By Isabella @TheWandCarver
Nettle is one of those “weeds”/herbs/worts which almost everybody has in their cabinet, I believe. Even the non-witchy community love Nettle tea for what ails them. And, like Yarrow, it is practically free to use if you live in Europe or the Western United States as it tends to grow quite wild if not maintained. For those knowing their plants, wild-gathering is the optimal way of having most of what you need in your wort cabinet. For the rest, there are plentiful ways of buying Nettle…dried, fresh, freeze-dried, even in pill and liquid form. Why do we need Nettle in our lives? For everything!
Nettle is full of vitamin C and iron. It makes a fabulous soup stock and steamed Nettle leaves are a great little side for the main course of your meal. Of course, there is always the famed Nettle tea, so as you can see, it has many uses in the kitchen, and more that I don’t even know about, I’m sure. Of course, before you decide to make a Nettle salad, you must know about the plant a little because those leaves, if not properly prepared, can do more harm than good. You have heard of Stinging Nettle, I am sure, and that is where the “sting” comes from – the leaves. The leaves and stems are covered with tiny stingers made of silica, like glass, and they break off into your skin when touched, unleashing their chemicals which can cause a nasty allergic reaction. I have not forgotten my first run-in with Nettle at about the age of 4 as Nana gathered it for her kitchen. I must have not noticed that she had thick, heavy gloves on instead of the little woolly ones like mine, so I tried to help. Pulling those little woolly gloves off doubled the agony, believe me. Therefore, please only use thick, heavy gloves and cover yourself well whilst wild-gathering Nettle.
Another household use, if you are so inclined, is to spin yarn or thread from the inner fibres of the stems. I know nothing of spinning yarn and thread apart from what I may have seen in films and television, but apparently, the people of Denmark once used it to create burial shrouds and the Native American people used it for fishing nets. It is said to be a very soft fabric when woven and a very strong thread or rope when used singularly. The all-round usefulness of Nettle doesn’t end there – a green dye can be made from its leaves and stems to dye the fabric you create from the Nettle itself.
But what about Magick?? Oh, alright 😊
Long ago, a bundle of Nettle were placed under a person’s sickbed to induce their good health and healing. People believed putting things under beds was somehow a good thing to do, such as laying a knife under the bed of a woman in labour to reduce her pain. I know the knife didn’t work for me, but I could not say about the bundle of Nettle under one’s bed. Would never hurt to try! You can return to sender or reverse a curse with Nettle by using it in a poppet. Carry a sachet filled with Nettle for protection. Hang Nettle around your home or sprinkle it around, if in dried form, to ward off evil and to give general home protection. As Nettle is also believed to ward off lightning strikes, this can also be beneficial in that aspect. Nettle is always my first go-to for protection use and it is the first herb I put into our Protection witch bottles.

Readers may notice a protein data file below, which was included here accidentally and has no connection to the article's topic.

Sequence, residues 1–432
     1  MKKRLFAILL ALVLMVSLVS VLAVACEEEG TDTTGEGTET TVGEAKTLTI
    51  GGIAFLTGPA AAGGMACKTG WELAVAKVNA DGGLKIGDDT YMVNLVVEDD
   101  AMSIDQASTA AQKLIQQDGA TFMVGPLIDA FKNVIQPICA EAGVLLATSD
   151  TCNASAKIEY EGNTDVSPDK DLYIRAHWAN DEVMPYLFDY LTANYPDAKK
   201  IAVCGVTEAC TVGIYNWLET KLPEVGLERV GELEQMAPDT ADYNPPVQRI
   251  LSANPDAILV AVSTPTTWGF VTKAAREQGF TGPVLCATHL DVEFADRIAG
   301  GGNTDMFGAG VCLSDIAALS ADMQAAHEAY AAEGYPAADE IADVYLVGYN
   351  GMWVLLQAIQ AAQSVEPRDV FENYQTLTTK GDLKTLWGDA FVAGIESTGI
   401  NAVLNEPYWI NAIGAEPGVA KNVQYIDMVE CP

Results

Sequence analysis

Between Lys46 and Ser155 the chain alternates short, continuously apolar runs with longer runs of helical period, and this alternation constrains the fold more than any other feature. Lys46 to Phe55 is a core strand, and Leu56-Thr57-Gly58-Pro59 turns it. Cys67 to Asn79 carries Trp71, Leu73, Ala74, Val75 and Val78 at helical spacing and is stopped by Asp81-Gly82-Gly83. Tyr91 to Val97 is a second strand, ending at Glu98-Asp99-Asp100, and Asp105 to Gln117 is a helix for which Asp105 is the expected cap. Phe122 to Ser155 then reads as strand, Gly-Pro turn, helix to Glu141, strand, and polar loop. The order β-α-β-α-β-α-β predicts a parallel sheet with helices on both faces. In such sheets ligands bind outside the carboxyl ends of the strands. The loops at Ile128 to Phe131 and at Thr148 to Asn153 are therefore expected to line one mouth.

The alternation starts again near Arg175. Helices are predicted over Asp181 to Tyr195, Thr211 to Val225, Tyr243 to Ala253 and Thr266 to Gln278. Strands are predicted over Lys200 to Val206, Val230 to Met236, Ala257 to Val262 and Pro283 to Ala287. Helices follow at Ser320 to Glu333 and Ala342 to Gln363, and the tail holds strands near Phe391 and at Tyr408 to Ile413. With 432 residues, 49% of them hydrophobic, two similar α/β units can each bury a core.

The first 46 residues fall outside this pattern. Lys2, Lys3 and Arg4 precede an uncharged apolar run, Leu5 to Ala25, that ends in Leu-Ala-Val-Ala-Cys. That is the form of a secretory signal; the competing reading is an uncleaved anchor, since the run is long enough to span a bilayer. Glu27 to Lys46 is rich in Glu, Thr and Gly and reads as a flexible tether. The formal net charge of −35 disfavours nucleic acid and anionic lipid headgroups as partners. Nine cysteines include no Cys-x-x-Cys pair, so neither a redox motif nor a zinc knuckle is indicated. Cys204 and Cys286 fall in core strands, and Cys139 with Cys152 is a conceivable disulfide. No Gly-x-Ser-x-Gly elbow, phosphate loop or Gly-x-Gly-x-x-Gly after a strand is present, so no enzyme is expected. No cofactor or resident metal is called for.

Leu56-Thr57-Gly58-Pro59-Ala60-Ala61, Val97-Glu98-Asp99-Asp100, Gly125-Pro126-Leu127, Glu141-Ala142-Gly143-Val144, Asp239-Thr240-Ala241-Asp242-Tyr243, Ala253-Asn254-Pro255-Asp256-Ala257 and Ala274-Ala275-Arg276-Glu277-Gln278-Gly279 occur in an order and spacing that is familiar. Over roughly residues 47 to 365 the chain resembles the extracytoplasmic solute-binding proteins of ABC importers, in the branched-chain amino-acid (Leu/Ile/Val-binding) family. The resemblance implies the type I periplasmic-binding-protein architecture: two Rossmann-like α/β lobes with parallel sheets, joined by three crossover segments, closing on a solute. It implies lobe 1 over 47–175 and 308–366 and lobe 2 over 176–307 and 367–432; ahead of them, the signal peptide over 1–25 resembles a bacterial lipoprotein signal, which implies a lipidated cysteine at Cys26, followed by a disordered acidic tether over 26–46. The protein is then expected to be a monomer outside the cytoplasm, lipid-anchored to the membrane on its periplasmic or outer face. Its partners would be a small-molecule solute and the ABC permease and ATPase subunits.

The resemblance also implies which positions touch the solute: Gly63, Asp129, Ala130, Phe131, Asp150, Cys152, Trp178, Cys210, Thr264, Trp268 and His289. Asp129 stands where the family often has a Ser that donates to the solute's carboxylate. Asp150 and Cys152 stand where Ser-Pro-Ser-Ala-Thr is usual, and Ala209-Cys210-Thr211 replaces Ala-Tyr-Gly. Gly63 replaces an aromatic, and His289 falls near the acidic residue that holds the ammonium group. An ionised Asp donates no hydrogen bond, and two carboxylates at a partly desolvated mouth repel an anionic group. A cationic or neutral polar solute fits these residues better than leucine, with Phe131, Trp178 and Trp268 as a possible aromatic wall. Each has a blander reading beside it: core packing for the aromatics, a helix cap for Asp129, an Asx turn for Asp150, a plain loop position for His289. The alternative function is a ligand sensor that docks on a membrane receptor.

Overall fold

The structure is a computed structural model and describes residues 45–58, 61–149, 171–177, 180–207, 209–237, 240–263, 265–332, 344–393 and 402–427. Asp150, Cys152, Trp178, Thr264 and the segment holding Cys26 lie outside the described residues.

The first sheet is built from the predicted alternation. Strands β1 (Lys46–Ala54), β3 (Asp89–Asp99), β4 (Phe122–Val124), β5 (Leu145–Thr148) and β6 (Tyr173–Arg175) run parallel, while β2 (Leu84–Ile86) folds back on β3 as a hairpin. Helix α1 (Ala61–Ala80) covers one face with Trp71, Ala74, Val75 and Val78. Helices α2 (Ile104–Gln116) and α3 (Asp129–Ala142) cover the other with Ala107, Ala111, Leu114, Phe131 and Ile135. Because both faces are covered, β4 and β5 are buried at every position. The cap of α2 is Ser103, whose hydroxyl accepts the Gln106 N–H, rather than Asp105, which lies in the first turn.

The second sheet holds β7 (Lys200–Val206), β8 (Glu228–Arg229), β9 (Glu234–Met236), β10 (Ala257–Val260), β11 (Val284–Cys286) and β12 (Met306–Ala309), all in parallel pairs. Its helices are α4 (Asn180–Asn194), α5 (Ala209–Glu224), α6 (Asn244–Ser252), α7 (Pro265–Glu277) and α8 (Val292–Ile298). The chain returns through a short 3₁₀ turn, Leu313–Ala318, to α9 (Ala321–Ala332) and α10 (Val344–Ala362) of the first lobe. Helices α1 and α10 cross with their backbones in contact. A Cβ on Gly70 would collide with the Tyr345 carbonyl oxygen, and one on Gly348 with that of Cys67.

Because of Nettle’s considerable amounts of iron, it is a good wort for those with anaemia. Word of caution: If you are going to drink Nettle tea to discourage your iron deficiency, be sure to not continue taking iron tablets. Too much iron can cause more problems than deficiency can. It is best to use the fresh leaves and not the dried herb, although there are still health benefits to the dried herb. Fresh is always best. Nettle tea is also an excellent diuretic.
Nettle is another wort that is very useful to staunch the flow of blood from a wound, much like Yarrow. As a matter of fact, Nettle and Yarrow seem to go hand-in-hand in many concoctions and decoctions for health and magickal purposes. Topically, a poultice of nettle leaf can be used to soothe the heat and inflammation associated with burns.
Powers: Consecration, Exorcism, Healing, Lust, Protection, Anti-Sorcery, Hex Breaking, Uncrossing
Other Names: Stinging Nettle, Sting Weed, Common Nettle
Deity: Apollo, Freya, Hecate, Ra, Thor
Many thanks for reading, please share if you enjoyed, and warmest blessings to all whom this way wander x
Encyclopaedia of Magical Herbs, by Scott Cunningham
The Old English Herbals, by Eleanour Sinclair Rohde